catalpa

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Related to catalpas: Catalpa tree, Southern Catalpa

catalpa

(kətăl`pə): see bignoniabignonia
, common name for the family Bignoniaceae, a family of chiefly woody vines of the American tropics and also a few shrubs and trees. The trumpet creeper (of the genus Bignonia) and the trumpet flower, or trumpet vine (of the genus Campsis
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catalpa

catalpa

Tree with large oval leaves up to 10 inches (25cm) long. Clustered whitish flowers with 2 orange stripes and lots of purple spots inside. Cigar-like winged seedpods, used as sedative and tea for asthma and bronchitis. Bark tea used to expel worms, antiseptic, laxative, sedative.

Catalpa

 

a genus of plants of the family Bignoniaceae, consisting of deciduous trees with broad leaves. The flowers, which are white with spotted insides, are gathered into large racemes or panicles. The corolla is campanulate and two-lipped. The fruit is an elongated pod, measuring up to 40 cm long; it has numerous seeds bearing tufts of soft hair at each end. Eleven species are distributed from East Asia to North America. In the southern European region of the USSR, the southern catalpa, or Indian bean (Catalpa bignonioides), is the most frequently cultivated plant of this genus. The species C. Bungei, C. speciosa, and C. ovata are also grown there. Catalpa is propagated from seeds, cuttings, and roots. It grows well in moist soils. It is a photo-philic plant. The wood of these trees is light, soft, and durable. The oil obtained from the seeds of the southern catalpa contains eleostearic acids (approximately 30 percent); when it is placed in the light, it dries quickly and hardens. All species of catalpa are ornamentals.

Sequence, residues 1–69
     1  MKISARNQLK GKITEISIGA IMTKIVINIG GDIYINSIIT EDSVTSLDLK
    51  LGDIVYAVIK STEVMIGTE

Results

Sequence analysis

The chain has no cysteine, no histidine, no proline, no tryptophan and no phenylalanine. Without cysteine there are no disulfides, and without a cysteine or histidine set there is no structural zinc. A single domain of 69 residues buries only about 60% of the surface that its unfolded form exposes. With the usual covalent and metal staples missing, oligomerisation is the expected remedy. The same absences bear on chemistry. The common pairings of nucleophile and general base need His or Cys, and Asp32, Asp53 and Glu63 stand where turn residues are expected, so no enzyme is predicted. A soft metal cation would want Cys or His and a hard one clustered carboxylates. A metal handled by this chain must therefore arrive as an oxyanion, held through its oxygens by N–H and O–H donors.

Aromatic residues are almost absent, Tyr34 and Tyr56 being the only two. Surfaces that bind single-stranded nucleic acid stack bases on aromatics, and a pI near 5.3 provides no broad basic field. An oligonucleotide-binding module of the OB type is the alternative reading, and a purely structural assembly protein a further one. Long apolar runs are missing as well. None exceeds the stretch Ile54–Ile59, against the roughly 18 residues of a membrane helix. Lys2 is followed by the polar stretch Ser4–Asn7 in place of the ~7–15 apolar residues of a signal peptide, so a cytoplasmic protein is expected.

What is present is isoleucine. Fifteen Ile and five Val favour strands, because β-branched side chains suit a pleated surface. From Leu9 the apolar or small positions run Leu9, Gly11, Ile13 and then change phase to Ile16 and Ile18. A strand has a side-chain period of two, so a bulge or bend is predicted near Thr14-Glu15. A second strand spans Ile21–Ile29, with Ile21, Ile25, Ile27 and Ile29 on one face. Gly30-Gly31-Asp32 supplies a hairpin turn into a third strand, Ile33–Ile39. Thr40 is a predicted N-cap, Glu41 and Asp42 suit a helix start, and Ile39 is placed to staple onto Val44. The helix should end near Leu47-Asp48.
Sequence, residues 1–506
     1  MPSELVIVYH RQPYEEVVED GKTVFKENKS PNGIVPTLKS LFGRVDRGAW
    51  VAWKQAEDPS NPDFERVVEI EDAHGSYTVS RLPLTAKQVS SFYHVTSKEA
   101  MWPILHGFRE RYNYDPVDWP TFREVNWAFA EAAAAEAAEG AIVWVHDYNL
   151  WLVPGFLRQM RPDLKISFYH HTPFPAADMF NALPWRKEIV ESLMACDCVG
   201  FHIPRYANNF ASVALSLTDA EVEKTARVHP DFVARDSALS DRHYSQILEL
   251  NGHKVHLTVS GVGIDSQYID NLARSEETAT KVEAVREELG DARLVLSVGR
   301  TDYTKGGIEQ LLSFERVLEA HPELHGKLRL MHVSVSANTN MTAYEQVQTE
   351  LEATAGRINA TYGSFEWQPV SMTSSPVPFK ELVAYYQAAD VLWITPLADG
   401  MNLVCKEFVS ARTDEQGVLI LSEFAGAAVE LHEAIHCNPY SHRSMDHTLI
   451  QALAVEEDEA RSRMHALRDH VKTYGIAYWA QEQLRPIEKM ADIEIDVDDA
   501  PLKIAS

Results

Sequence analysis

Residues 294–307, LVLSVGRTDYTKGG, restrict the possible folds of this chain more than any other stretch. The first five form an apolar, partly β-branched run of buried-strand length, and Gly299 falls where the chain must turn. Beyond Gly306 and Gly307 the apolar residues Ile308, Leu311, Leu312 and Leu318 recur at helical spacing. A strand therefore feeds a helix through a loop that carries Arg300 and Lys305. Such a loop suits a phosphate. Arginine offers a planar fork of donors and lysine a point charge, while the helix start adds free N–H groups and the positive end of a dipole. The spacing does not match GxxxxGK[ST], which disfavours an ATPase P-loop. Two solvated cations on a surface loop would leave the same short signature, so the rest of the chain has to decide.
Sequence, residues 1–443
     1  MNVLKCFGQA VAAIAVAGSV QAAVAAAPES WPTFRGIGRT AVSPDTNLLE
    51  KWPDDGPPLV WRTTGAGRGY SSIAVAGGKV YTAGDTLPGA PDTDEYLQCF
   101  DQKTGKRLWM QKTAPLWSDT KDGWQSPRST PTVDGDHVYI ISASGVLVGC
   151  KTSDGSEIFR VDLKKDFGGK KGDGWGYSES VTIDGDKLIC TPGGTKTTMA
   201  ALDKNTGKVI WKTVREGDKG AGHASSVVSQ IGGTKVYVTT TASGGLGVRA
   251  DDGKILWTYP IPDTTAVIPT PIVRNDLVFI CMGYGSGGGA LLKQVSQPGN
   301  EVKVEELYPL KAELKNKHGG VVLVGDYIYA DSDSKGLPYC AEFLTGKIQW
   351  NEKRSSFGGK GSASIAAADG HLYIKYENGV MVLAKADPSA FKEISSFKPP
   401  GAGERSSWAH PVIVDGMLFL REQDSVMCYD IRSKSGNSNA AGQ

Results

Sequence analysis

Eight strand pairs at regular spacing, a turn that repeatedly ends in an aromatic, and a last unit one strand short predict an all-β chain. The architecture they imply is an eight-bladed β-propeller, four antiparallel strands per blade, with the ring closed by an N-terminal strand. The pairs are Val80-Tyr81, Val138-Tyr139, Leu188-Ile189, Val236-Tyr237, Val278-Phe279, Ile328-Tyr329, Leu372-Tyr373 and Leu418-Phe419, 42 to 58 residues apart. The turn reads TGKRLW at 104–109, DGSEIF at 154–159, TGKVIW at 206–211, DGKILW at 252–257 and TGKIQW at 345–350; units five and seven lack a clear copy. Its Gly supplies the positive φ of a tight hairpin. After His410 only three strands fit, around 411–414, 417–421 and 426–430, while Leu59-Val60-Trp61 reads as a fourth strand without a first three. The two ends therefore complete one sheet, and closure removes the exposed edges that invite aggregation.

catalpa

any bignoniaceous tree of the genus Catalpa of North America and Asia, having large leaves, bell-shaped whitish flowers, and long slender pods
References in periodicals archive ?
A genus of 11 species of deciduous trees, the catalpa is found near riverbanks and in the woodlands of China and North America.
The northern catalpa is the species with the largest flowers.
The northern catalpa is soil- and drought-tolerant and transplants easily; however, it prefers deep, moist, fertile, and well-drained soil.
The leaves of the heat-resistant southern catalpa (Catalpa bignonioides), commonly found in Alabama, have what some consider an unpleasant odor.
Visit Tower Hill Botanic Garden in Boylston to view Maackia and Golden Catalpa.
Because they thrive even in compacted and infertile soil, and despite air pollution and general abuse, large catalpas are today found in poor neighborhoods and grimy industrial areas all over the country.
While driving down a sandy Kansas back road one Memorial Day, I entered a grove of catalpas and was greeted by thousands of showy, white, tropical-looking flowers.
Catalpas belong to the Bignonia family, which are mostly tropical plants.
The catalpa, also known as Indian bean tree and fish bait tree, should be considered for every country home.
A final meritorious attribute of the catalpa is its decay-resistant wood.
You will most likely not be able to find either Kentucky coffee tree or catalpa at your local nursery.